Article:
The A's keep churning players and keeping us guessing as to the timing. Notably this week with the DFA of J.D. Davis and demotion of long-time OF/1B Seth Brown, for now in favor of the younger Tyler Soderstrom and Lawrence Butler. Brown's struggles had given us some insight as to his dwindling future here about a month ago; Davis' fate was a little more abrupt.

The next name that could lose playing time and even a roster spot could be utility Max Schuemann, who debuted with a productive .272/.344/.395 line over 91 PA in May, as he seized the SS job from the struggling (and since demoted) Nick Allen and injured Darell Hernaiz. But the historically light-hitting Schuemann has struggled over his last 13 starts this month, going 7-for-45 without an RBI or HR.

In the meantime, the younger Allen is surging in the offense-friendly confines of AAA-Las Vegas (.908 OPS through 129 PA), and Hernaiz is expected to return from his ankle injury at some point around the All-Star break, if not before. The club also has legitimate SS prospects Max Muncy and Jacob Wilson in Triple-A – all of which suggests that Schuemann's everyday work is temporary.


Los Angeles Angels

Last week we pointed to Brandon Drury as the club's player most likely to be moved before the trade deadline. But we were remiss in not mentioning Kevin Pillar in the same vein in a contract year, particularly given his .966 OPS over through 114 PA since joining the Angels at the end of April.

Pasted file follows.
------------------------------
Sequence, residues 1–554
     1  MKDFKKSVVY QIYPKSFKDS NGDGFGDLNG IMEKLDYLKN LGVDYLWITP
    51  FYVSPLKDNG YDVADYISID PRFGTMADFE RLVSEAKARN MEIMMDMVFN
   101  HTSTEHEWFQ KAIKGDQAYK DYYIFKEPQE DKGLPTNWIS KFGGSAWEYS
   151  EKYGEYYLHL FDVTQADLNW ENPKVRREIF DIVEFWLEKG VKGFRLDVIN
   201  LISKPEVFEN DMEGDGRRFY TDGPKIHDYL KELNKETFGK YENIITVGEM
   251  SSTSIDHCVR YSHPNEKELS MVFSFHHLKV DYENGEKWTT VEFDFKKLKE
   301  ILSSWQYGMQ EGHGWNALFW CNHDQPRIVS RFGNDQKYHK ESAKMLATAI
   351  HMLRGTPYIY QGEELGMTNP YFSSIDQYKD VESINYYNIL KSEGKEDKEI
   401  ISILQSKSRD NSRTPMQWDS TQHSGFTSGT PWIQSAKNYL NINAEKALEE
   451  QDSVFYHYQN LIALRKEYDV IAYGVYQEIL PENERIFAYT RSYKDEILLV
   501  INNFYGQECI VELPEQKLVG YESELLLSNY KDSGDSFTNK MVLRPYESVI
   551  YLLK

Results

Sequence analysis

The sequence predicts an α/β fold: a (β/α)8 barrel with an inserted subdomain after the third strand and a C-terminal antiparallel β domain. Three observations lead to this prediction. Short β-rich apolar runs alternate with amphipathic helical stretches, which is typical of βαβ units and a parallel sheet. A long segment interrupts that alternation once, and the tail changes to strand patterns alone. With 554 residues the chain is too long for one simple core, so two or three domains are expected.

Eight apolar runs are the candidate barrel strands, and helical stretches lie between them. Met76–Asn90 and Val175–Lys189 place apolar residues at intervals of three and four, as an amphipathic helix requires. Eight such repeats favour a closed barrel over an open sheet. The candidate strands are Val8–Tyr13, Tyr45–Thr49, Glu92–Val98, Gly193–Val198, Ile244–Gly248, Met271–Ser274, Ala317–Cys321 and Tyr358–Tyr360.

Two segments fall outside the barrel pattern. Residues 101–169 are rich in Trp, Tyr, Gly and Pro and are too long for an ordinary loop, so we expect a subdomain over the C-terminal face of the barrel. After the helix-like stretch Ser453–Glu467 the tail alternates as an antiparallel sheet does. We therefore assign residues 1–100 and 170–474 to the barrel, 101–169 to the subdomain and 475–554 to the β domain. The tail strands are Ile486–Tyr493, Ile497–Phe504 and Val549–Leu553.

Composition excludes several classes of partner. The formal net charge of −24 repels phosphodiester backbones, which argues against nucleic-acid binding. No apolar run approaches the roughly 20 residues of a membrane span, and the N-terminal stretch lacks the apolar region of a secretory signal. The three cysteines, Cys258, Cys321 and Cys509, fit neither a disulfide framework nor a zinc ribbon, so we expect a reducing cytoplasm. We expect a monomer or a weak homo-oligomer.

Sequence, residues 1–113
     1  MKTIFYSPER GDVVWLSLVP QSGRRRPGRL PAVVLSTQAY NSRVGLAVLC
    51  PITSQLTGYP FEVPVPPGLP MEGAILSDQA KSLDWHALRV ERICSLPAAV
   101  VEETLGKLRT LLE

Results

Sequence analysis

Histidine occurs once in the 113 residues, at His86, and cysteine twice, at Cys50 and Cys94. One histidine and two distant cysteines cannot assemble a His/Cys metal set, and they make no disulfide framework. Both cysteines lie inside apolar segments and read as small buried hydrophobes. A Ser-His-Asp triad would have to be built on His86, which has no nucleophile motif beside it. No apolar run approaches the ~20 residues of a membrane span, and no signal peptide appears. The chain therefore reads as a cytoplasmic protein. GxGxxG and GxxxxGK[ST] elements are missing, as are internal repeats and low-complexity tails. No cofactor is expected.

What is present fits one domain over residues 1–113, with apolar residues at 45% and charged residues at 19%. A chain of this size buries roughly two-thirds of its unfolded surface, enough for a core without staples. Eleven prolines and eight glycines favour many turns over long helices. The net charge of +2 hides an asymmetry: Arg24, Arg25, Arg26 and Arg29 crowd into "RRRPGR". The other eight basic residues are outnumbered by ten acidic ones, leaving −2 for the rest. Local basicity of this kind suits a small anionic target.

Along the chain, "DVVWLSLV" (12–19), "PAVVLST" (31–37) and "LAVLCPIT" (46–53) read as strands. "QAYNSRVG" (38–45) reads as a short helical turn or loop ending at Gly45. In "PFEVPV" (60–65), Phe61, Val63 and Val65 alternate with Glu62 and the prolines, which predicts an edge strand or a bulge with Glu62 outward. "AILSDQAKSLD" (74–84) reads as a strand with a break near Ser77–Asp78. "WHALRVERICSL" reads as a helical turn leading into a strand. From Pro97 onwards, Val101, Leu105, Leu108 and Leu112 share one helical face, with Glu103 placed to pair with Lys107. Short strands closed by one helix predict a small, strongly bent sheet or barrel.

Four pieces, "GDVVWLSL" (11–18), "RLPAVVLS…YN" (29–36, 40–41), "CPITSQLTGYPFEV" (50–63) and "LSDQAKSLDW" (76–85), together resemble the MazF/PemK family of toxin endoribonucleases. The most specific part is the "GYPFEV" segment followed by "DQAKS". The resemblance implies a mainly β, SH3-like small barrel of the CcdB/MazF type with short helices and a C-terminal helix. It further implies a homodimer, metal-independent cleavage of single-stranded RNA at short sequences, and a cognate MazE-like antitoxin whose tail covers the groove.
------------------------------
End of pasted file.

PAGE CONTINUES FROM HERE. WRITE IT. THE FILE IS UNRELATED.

Pillar has multiple problems in attracting attention from contenders, notably his handedness, age (35), MLB track record in recent seasons – and the fact that he's been playing just part-time recently after going 9-for-41 in June, coinciding with Mickey Moniak's recent performance "uptick".

Still, during a time of sagging offensive numbers across MLB, Pillar's immediate performance and ability to man CF will likely get some attention. But a move from Anaheim wouldn't necessarily open up playing time, given the anticipated return of Mike Trout sometime around the All-Star break.


Texas Rangers

Josh Jung's rehab stint (wrist surgery) has kicked off AAA-Round Rock, where he is 2-for-7 with three K's through June 19. A few more hits at this level of play could expedite his return to TEX a little faster than we anticipated after this type of injury. The initial roster casualty still looks like reserve 3B and bench bat Davis Wendzel, but from a playing time perspective, it appears that Ezequiel Duran could take the biggest immediate hit.

Duran has received a ton of playing time recently, including 11 consecutive starts at SS and 3B, spelling physically hobbled Corey Seager and Josh Smith. His June – .582 OPS through 59 PA – and just 2 HR through 173 PA on the season haven't impressed. And both a GB-heavy approach and 54 PX say that more power isn't coming anytime soon. 

Now with both Seager and Smith getting healthier and the imminent return of Jung, Duran again looks to be more bench bat than regular. Particularly on an offensively moribund club and still wannabe contender that has outscored only four other MLB teams thus far in June.